Longmont police on Friday investigated the scene of a Thursday night explosion and shooting at a local hotel, as guests toted belongings from rooms they had to evacuate the night before.
Police say a convicted murderer who had been paroled in April detonated an explosive device before being shot by a Longmont officer as he approached one of the blown-out windows.
According to a press release, Longmont police and state parole officers were called to the Residence Inn by Marriott at 1450 Dry Creek Drive at 12:54 p.m. Thursday after receiving information that a guest, Leon Gladwell, might be a danger to himself and had knives and propane tanks in his room.
Gladwell, 40, was sentenced to prison for murdering his grandmother in 1998. He was paroled April 2, according to Annie Skinner, a public information officer for the Colorado Department of Corrections.
When police arrived Thursday, officers said, Gladwell was “angry, uncooperative and armed with several knives.” Police confiscated the knives and Gladwell moved to his room and refused to cooperate further. In an attempt to deescalate the situation, officers left to get a felony arrest warrant for Gladwell.
Longmont SWAT returned to the address but Gladwell again refused to come out, and at 7:21 p.m. he set off an explosive device that “created a fireball in the room” and blewout two windows of the third floor room, police said.
Officers continued to negotiate a surrender, but Gladwell refused to exit. About 8:45 pm, Gladwell approached the blown-out third-floor window with what was believed to be a propane tank, and was shot by a perimeter officer.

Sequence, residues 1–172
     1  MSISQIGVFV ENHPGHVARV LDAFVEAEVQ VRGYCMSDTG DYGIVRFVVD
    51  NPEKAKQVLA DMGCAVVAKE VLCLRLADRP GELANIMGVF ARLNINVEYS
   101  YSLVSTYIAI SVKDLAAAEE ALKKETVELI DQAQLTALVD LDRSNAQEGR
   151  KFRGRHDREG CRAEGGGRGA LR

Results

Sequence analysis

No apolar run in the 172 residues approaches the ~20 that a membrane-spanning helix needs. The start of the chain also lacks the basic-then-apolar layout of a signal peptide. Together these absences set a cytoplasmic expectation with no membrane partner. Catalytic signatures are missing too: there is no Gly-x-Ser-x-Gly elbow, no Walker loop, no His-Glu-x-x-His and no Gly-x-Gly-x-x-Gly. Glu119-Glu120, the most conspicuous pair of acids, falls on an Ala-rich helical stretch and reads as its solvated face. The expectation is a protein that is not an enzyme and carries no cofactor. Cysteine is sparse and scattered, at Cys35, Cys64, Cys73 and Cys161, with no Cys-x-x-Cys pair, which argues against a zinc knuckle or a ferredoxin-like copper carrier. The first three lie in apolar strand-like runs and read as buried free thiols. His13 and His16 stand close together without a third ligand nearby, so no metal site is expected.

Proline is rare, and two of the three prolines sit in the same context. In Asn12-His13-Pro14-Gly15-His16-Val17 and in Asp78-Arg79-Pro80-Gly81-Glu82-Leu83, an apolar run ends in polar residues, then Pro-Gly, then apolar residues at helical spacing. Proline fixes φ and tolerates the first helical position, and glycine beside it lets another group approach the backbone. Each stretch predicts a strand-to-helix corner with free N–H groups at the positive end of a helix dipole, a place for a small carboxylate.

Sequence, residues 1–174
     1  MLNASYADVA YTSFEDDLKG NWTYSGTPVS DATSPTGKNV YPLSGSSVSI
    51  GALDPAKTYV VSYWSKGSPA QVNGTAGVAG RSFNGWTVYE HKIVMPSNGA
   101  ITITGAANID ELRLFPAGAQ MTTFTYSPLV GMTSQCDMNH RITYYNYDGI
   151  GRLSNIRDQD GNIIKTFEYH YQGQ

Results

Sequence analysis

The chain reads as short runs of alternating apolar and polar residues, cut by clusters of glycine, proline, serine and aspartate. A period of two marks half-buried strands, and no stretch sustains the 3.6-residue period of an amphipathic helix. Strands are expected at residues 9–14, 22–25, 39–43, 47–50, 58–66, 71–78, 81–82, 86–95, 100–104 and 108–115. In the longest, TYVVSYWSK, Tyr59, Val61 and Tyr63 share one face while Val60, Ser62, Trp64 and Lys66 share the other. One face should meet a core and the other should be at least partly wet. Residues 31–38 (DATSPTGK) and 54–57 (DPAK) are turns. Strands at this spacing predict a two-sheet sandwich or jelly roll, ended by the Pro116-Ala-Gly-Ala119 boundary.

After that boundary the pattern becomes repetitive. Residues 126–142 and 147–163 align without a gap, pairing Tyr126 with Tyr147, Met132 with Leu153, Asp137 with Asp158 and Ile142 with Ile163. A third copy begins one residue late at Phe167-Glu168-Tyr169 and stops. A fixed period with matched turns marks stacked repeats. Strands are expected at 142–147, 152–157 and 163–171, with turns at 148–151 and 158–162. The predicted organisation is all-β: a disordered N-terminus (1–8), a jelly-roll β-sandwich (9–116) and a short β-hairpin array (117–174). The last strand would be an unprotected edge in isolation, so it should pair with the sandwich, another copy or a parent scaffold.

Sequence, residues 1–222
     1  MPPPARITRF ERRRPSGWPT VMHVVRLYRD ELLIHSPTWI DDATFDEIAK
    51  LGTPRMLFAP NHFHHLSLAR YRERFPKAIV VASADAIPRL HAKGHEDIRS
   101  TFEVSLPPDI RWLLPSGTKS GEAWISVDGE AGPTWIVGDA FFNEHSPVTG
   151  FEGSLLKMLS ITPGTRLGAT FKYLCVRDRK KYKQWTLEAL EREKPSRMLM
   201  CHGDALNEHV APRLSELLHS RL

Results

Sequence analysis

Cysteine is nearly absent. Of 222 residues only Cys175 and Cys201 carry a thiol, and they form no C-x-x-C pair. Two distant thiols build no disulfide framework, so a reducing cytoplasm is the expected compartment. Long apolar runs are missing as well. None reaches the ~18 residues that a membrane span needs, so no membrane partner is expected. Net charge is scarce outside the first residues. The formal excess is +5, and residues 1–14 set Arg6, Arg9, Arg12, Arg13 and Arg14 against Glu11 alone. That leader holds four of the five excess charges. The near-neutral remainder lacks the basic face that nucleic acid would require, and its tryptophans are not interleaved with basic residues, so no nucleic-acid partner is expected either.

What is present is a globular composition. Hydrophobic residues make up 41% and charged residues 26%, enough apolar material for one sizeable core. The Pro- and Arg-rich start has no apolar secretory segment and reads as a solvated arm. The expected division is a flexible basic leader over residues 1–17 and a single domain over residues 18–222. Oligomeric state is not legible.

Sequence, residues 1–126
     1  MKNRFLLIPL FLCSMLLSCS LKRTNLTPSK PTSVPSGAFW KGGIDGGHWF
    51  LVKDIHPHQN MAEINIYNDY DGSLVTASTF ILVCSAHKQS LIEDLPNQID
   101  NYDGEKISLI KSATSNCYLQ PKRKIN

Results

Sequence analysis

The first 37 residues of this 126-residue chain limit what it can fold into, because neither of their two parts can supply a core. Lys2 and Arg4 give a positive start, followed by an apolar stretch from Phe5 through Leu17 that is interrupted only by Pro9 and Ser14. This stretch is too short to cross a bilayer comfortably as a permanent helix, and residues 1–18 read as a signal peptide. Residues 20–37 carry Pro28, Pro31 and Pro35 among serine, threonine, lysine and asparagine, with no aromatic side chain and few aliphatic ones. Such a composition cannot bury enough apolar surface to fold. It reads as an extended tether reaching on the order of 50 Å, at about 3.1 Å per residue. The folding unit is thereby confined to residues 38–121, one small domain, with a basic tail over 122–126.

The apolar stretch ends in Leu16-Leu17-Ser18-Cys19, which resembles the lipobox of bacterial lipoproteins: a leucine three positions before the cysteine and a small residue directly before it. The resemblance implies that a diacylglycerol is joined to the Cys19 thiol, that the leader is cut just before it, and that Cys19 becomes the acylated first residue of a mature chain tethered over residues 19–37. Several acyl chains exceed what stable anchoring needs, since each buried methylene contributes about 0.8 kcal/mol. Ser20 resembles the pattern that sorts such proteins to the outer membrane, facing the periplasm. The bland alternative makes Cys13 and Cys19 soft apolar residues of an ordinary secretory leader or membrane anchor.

Gladwell moved out of sight and continued to refuse to exit, but at 11:45 pm. police determined Gladwell was “incapacitated.”
Officers entered the room and took Gladwell into custody without further incident.
Gladwell was transported to an area hospital with at least one gunshot wound. Longmont police Deputy Chief Jeff Satur said Gladwell was in a stabilized but critical condition as of Friday afternoon.
The officer who shot Gladwell was placed on paid administrative leave per department policy while a Boulder County shoot team investigates the incident.
Satur said no guests, police or residents were injured in the explosion. The fire sprinklers were able to quickly suppress flames from the explosion.
Guests were evacuated shortly after the explosion when Satur said a fire alarm went off, prompting them to leave the building. Satur said he was not sure how many guests were staying at the hotel at the time of evacuation. He said all the guests were relocated to a hotel north of the Residence Inn by Marriott.
Guests could be seen toting their belongings from the hotel Friday afternoon to their cars.
Sitting on a curb near her car was hotel guest Lindsay Alexander. She said the family had to leave their belongings and their dog, Bella, a roughly 13-year-old pit bull, behind during the evacuation. The family was relocated Thursday night to the Courtyard by Marriott, 1410 Dry Creek Drive, which is directly across a parking lot from the Residence Inn by Marriott.
Alexander and her family witnessed much of the commotion. Before the evacuation, she said that her husband and their two children, ages 2 and 4, were heading to the hotel pool around 5:45 p.m. Friday, when they saw police going in and out of the building. At the time, Alexander said they weren’t too concerned and left police to their business.
Around 7:30 p.m. when the family had finished their swim, Alexander said, she heard the fire alarms going off and a hotel employee yelling “fire!”
Alexander said evacuated guests were asked to wait outside on the west side of The Courtyard by Marriott.
Once inside their relocated room, the family could see out their room window, which faces the Residence Inn, as the situation continued to unfold. Alexander said the entire parking lot filled with police. She saw officers pulling on bullet proof vests and what appeared to be gas masks. Satur said police used an armored vehicle, drone and a K-9 at the scene. The Boulder County Regional Bomb Squad will continue to be on scene investigating as well.